“Therefore, since we are surrounded by such a great cloud of witnesses, let us throw off everything that hinders and the sin that so easily entangles, and let us run with perseverance the race marked out for us.” —Hebrews 12:1
Whenever I speak somewhere on behalf of World Vision, people come up to me afterward to talk about their sponsored child. Maybe you’re like these folks; with the pride and enthusiasm of a grandparent, you tell friends your sponsored child’s name and country, what you’ve learned about him or her, and especially, how you came to sponsor that special child.
As a sponsor myself, I understand this—I’ve got my own stories. I’d like to share one that combines my pride in my sponsored child and in my own family.
I’ve written in this magazine as well as in my book, The Hole in Our Gospel, about how I came to sponsor two Zambian brothers, Morgan and Jackson. It was Reneé who prompted me, with a sharp elbow to my conscience, to fill in the sponsorship response card at a World Vision dinner in 2002. Technically, I sponsored Morgan, and my son Andy, then in college, signed up to sponsor Jackson.
Two years later, on a trip to Zambia, I met Morgan and Jackson and their grandmother, Mary. I’ll never forget Mary’s outpouring of gratitude as she grabbed my hand and exclaimed, “When I learned that a family in America had decided to sponsor Morgan and Jackson, I knew God had replaced the parents these boys had lost!”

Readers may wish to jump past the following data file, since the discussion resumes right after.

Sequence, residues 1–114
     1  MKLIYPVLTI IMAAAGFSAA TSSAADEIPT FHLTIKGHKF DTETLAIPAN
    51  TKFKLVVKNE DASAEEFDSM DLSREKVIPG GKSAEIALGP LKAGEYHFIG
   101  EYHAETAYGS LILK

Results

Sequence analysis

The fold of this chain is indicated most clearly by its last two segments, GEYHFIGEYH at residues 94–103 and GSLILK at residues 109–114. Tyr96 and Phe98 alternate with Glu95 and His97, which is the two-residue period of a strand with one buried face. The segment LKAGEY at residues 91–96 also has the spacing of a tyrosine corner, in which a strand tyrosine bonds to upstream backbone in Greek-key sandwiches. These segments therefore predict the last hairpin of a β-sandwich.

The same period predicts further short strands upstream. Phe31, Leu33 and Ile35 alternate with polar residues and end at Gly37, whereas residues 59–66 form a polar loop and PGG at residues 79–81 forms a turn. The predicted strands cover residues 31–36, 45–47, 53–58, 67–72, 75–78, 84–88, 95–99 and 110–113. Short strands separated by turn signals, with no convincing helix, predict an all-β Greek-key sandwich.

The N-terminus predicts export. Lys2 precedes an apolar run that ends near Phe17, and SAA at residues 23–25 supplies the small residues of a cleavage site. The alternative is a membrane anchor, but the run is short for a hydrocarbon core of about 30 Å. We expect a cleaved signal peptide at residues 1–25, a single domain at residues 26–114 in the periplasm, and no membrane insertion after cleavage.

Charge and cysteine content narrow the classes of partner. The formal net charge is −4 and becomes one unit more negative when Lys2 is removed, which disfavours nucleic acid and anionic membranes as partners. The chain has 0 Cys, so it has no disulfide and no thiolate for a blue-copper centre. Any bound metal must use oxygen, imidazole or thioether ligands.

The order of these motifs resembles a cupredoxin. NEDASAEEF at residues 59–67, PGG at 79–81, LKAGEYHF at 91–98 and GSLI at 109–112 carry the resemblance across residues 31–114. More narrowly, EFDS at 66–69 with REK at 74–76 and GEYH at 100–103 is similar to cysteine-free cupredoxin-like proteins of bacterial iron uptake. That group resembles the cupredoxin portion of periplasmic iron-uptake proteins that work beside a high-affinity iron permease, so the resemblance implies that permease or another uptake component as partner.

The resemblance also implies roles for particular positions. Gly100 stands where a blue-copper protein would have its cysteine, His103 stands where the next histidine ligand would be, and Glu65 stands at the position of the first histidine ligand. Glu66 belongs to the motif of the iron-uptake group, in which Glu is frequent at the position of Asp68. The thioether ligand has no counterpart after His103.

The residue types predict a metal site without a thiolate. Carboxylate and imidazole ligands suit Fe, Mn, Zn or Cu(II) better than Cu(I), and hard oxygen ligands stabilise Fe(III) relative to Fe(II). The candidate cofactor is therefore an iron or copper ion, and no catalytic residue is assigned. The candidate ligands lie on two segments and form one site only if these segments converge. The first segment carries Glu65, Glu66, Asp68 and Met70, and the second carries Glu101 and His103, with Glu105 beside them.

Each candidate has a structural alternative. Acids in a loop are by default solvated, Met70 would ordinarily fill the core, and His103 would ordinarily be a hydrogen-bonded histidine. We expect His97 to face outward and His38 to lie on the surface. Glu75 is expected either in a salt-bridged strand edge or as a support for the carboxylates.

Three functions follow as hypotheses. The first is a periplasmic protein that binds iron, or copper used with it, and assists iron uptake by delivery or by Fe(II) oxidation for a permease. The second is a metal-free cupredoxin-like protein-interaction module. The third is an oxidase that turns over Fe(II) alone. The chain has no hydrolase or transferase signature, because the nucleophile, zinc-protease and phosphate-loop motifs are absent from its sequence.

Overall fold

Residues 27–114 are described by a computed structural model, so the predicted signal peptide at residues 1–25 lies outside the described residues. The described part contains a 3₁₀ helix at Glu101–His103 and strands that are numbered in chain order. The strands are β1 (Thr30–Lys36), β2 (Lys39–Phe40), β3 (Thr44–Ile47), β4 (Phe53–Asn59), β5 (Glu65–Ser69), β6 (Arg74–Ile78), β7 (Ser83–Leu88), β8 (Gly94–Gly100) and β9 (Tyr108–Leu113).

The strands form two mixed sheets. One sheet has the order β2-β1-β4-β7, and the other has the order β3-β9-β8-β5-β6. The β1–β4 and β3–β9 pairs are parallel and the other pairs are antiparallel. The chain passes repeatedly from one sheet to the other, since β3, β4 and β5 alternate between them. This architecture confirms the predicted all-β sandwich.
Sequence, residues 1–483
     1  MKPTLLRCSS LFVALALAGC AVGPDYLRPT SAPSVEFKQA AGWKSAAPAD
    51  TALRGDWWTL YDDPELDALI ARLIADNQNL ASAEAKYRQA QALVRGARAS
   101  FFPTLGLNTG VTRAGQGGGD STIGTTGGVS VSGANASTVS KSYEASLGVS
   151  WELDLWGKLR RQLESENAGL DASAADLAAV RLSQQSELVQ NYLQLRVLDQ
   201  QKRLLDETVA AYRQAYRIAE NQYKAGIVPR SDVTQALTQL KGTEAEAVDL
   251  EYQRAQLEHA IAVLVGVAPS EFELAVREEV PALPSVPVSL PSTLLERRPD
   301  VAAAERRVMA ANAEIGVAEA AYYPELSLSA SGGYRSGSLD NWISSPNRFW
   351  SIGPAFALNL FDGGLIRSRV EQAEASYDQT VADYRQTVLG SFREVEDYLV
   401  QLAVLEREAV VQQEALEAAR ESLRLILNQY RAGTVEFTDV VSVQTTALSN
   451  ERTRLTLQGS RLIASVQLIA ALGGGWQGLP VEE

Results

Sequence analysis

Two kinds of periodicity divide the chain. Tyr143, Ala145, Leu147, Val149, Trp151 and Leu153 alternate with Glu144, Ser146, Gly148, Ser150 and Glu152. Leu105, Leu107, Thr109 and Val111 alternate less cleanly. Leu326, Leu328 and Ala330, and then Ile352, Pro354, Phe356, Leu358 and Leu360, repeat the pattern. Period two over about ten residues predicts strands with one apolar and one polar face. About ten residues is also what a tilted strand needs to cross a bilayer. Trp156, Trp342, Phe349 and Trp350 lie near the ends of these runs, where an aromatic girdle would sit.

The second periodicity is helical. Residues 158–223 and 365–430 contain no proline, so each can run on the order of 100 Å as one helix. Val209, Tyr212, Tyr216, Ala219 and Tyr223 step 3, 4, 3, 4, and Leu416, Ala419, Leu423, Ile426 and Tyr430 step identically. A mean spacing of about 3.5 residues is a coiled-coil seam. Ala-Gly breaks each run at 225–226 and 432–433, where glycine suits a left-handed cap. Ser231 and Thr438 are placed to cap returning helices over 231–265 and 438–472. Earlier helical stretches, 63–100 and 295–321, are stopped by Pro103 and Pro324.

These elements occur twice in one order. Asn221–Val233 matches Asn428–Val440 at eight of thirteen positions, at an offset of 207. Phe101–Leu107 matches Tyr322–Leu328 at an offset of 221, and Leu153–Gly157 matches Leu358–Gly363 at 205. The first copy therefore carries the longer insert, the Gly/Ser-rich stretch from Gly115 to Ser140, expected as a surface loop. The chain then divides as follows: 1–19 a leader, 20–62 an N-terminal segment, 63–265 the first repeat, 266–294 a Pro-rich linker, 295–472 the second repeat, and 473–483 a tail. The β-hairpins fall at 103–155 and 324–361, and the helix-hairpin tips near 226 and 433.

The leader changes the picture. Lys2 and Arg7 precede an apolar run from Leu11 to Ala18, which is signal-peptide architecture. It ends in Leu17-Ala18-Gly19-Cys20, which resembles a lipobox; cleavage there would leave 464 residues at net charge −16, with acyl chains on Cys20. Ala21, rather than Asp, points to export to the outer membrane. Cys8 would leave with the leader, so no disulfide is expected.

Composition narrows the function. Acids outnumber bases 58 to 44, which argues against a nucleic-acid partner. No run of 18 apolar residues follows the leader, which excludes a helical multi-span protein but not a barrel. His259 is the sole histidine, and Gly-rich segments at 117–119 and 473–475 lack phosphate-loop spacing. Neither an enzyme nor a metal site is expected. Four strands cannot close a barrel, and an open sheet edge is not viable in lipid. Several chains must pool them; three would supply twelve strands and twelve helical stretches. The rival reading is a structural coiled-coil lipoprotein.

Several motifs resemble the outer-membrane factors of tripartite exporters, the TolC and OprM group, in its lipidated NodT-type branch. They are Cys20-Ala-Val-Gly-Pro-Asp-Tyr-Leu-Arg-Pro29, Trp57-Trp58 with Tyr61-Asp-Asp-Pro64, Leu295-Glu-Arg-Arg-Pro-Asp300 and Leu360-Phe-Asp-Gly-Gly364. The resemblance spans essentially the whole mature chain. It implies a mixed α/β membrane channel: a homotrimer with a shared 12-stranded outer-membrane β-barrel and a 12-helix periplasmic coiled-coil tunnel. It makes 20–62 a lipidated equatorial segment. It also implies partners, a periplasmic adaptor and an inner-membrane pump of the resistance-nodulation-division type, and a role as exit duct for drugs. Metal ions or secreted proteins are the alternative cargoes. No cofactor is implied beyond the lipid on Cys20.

It turned out the boys had watched both parents suffer and die of AIDS. Afterward, it was Jackson who, at 13, stepped up to become man of the household. He dropped out of school and scavenged for food, somehow keeping his two brothers and sister alive until Mary came to help.
Sponsorship enabled Jackson and Morgan to go back to school and provided a better house for the family. But then, in 2007, I heard some disturbing news: Jackson had dropped out of school again—for all the wrong reasons. He was neglecting his studies and getting into trouble.
I wrote Jackson a frank letter expressing my concern and stressing how important education is to his future, as it was to mine. The letter concluded: “Will you stay in school and finish the race you began so well? Will you set an example for Morgan? I pray you will.”
The “race marked out” for Jackson was a tough one. There’s plenty to hinder and entangle an orphan living in a poor community, and it’s not surprising that he stumbled. But Hebrews reminds us that Jackson, and each of us, is not alone in the race. I was privileged to be part of that “cloud of witnesses” surrounding him.
There was also my son, Andy. After he graduated from college, Andy landed a good job and got married. He and Kirsten took over sponsoring Jackson (among 14 sponsored children). Andy took a special interest in Jackson, whom he met on a trip to Zambia in 2007. To give the boy every chance to succeed, Andy now supports him in private school and keeps in regular contact to make sure he’s applying himself.
I admire Jackson’s courage to step up after his parents’ heartbreaking deaths, and I believe God has a great plan for him. I’m also proud of Andy’s commitment to Jackson and other children in need around the world. He and Kirsten have joined the cloud of witnesses around these children.
As a sponsor, you, too, are helping your child run the race marked out for him or her. Thanks to your prayers, letters, and encouragement, you can give that child a better chance to finish strong.